The City of Toronto has requested that it be set free. It is time for the cage to be opened so that this bird flies free. The residents of the Beach may yet gain control of our neighbourhood.

On an unrelated note, we are pleased that my bill – Bill 49, an act to protect the tips and gratuities of servers – has received unanimous support at second reading. It has now been sent to Committee to allow for deputations and possible amendment. Government resources and Cabinet support will be forthcoming. The egregious practice of tipping-out to business owners to keep one’s job may soon be history.

As always, I can be reached at our constituency office at 416-690-1032.

Michael Prue, MPP Beaches/East York


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8 comments

City council is very susceptible to appeals from vociferous NIMBYs. Taking these decisions out of the hands of elected councillors concerned about the next election makes eminent sense. If these decisison were left to council, terrific developments like the Lakehouse condos, the condos on Kioppendavie and 200 Woodbine would likely be rejected in favour of preserving what I would call run down houses fronted by add-on run down commercial space, but the NIMBYs would call “heritage properties”!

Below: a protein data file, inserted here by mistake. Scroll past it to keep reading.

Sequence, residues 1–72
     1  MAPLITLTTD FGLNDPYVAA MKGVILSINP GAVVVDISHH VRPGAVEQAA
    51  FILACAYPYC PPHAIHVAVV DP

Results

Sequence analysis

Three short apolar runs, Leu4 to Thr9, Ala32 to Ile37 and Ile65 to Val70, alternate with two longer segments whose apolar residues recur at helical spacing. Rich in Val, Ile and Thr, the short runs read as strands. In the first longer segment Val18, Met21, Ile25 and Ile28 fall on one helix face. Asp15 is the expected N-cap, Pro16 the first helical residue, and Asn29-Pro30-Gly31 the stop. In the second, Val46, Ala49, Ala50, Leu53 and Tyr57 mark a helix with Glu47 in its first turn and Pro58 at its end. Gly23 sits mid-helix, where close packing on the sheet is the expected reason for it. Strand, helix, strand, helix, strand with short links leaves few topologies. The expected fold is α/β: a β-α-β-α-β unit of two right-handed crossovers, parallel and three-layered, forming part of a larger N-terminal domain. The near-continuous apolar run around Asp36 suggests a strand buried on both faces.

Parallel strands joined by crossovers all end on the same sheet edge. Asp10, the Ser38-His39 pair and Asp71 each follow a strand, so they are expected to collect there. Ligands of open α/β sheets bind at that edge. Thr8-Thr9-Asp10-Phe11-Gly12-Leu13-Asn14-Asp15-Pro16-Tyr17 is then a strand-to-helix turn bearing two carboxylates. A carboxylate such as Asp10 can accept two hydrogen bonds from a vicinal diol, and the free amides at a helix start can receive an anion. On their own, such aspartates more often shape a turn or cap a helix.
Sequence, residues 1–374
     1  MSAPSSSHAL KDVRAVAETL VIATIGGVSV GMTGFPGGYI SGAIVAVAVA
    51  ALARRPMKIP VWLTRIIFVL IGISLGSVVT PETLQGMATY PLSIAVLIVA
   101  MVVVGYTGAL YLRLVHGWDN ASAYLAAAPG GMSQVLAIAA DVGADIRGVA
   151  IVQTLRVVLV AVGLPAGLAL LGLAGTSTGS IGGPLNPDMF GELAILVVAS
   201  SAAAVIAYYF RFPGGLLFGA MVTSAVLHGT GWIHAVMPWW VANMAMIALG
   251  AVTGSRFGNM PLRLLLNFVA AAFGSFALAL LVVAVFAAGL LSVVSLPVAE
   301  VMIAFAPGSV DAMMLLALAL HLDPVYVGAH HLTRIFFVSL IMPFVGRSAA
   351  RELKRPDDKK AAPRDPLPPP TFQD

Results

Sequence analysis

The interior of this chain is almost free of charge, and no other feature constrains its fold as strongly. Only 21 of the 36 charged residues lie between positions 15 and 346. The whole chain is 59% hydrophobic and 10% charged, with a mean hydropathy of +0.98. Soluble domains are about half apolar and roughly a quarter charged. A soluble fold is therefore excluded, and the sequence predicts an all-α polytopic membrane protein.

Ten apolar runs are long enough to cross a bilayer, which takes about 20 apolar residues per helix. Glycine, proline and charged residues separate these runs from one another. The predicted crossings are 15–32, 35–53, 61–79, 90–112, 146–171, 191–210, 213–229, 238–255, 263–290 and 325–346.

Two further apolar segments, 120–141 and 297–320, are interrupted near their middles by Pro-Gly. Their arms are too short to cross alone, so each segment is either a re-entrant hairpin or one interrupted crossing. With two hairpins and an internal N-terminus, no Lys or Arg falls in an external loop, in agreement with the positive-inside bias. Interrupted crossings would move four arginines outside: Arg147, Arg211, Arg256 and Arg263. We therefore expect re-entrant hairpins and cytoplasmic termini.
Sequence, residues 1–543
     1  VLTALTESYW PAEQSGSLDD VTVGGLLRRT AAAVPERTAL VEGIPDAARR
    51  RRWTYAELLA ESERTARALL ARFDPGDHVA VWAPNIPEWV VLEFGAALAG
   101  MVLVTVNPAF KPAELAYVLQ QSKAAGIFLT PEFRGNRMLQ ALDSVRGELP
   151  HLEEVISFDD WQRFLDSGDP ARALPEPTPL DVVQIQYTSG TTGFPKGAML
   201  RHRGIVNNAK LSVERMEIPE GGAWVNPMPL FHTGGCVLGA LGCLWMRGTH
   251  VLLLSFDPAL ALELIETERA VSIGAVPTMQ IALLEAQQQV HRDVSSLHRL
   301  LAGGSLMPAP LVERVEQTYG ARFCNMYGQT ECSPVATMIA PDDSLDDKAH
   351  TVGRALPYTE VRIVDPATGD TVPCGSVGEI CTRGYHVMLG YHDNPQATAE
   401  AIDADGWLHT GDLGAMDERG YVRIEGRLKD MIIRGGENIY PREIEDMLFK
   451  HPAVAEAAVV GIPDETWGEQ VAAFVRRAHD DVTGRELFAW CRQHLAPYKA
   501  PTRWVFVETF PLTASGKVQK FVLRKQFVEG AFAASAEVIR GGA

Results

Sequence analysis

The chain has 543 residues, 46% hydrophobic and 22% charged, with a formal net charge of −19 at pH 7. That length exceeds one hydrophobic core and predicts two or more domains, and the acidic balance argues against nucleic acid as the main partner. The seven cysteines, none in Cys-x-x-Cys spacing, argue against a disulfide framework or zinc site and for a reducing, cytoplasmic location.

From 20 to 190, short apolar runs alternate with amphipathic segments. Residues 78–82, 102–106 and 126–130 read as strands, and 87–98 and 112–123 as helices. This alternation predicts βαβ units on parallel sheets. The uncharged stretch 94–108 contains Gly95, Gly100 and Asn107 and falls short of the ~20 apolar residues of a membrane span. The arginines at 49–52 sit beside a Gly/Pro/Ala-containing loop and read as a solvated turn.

Agree with you, Joan.

Right now one person is deciding the fate of the heritage buildings on restaurant row at King and John. David Mirvish has plans to tear down yet more perfectly good buildings on King – one of those buildings has parts of the original UCC in it.

Agree with Joe that decisions should be out of the hands of untrained-in-city-planning city council members but should be in the hands of planners who look at a whole neighbourhood and make sure that the design suits an area. This used to be the case but meddling city councillors changed that.

We’ve all been walking through neighbourhoods in the city where suddenly there’s a building or house that doesn’t “fit” – certainly there are residences in the Beach that should never have been approved – I don’t mean the condos on Queen which are a good fit. The rest of the city that has 30 floors and up condos springing up all over just shake their heads when they read of the objections to the various beach developments.

Alas, even if this bill were to pass, I don’t think our city council would make any better decisions – as Joe says, they say yes or no to development so as to be in the good books of the majority at election time. It’s also why we need a two-term on council by-law.